songofcopper: (neg)
Question: Must we automatically despise people for the wrongs they do? (You must, as always, supply your own value for 'wrongs'.)

On a related note, in referring to my own acts, I can no longer think of 'right' and 'wrong': only 'correct' and 'incorrect'. I find this makes useful contemplation much easier.

Further: people do like to say that if you're not supposed to do something, this makes it more attractive. But that is only true when there is some sort of circumscription - some proscription - for you to kick across. For example: no non-religious person is truly capable of blasphemy - and blasphemy, for a non-religious person, holds zero allure. Myself, I will not wear or use any religious symbol. I just will not. First, because they are not meaningful to me. Second, because offending against orthodoxy would itself be meaningless for me - it would be a completely pointless expression of... what? Poor manners? Thirdly, there can be no thrill in it. Nothing I could do with a crucifix could be anything other than... lame, and insincere.

I saw a young man in town today with 'Day of the Dead' iconography tattooed up his arms. Unwise of me perhaps to adjudge him un-Mexican in the extreme, based only on his appearance, but he did look terribly English, and those sugar skulls are excessively fashionable these days. I had to wonder whether he'd chosen the device for spiritual (anthropological?) reasons, or just because it looked nice. We have a phrase for that nowadays - 'cultural appropriation'. Fair enough. Personally I don't want to cluelessly ape the symbols of a culture I have not experienced. But then again, what cultural devices have I, that could be appropriated by others? It's disturbing to realise that you have nothing of the kind - no sacrilege is possible, no defilement.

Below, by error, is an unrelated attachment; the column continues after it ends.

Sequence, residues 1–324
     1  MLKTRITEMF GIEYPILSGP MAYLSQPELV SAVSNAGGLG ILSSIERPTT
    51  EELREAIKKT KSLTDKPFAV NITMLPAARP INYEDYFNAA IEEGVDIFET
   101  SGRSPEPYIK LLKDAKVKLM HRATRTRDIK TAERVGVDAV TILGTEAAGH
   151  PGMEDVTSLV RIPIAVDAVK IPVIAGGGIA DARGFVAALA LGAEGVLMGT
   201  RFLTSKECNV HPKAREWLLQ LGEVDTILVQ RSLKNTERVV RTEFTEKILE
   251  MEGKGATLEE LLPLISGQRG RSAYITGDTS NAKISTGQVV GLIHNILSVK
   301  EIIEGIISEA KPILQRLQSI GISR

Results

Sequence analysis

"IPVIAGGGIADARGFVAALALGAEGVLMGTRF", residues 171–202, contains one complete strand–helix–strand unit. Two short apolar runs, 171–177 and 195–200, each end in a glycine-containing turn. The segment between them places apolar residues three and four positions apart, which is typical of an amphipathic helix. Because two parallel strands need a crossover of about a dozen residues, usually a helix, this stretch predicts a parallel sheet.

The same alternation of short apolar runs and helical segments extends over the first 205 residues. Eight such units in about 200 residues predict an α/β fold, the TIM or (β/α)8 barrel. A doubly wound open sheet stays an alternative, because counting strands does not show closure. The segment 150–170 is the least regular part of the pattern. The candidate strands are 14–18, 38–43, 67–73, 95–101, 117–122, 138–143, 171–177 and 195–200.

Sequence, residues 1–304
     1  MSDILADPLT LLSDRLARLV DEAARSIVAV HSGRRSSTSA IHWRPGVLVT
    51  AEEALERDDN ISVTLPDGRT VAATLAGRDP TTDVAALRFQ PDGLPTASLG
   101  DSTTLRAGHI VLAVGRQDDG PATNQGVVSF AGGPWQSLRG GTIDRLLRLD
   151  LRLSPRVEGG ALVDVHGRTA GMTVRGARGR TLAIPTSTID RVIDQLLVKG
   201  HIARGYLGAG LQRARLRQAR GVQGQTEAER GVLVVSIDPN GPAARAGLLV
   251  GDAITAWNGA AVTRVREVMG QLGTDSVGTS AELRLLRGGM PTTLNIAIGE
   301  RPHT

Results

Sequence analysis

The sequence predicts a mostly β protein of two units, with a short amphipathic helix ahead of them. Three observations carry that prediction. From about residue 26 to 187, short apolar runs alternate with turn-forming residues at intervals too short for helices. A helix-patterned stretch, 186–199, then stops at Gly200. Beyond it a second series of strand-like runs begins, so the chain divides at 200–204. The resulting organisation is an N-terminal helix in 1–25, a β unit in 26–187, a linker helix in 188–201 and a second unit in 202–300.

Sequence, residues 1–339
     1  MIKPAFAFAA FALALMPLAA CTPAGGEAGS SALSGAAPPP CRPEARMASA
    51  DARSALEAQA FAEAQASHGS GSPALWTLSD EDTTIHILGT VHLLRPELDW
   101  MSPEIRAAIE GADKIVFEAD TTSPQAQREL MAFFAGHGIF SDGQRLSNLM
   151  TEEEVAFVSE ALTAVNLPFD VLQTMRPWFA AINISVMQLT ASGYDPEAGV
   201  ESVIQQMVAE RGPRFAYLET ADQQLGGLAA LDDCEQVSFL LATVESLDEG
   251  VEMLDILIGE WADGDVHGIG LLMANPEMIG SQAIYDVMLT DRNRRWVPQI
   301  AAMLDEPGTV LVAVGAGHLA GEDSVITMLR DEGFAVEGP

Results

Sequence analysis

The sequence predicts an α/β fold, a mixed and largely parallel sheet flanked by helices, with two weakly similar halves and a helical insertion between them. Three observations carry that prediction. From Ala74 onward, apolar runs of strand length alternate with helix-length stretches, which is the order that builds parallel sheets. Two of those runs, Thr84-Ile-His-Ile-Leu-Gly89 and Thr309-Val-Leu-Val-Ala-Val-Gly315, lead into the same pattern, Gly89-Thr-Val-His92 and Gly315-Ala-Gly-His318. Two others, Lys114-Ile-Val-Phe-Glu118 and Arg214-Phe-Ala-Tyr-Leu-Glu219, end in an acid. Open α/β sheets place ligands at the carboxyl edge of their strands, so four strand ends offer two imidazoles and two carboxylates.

No line there for another to cross, and no currency in crossing another's. Where, then, does desire originate? And how can I feel in the presence of another's trespass?

How very curious it is: with very few exceptions, the figures who interest me the most tend to be trespassers*. This, despite my own complete and utter harmlessness. I can even be somewhat clairvoyant here: being drawn to persons who appear fairly socially acceptable - admirable, even - at first scrutiny, but whose inner life is later revealed to plumb depths that would enrage, disgust or shock most nice folks. It should be pretty clear to you that I am not most nice folks. Well, I'm nice. But... I can condemn an act, but find it very hard indeed to condemn a whole human being.

Context-free, is what I often am. I have no home-context in which to situate my reckonings - no ground zero. In all things I'm a pair of scales that insists on balancing. The Devil's Advocate - or just on the fence? Except... there is no fence!

Often we 'go with the majority' rather than following Instinct. Context-free: at this point in the Lifelong Trek I don't find it helpful or comfortable to judge my actions based on how many people agree with me or would do the same as me - or how many would condemn me. Correct and incorrect are not to be arbitrated by others. Context-free.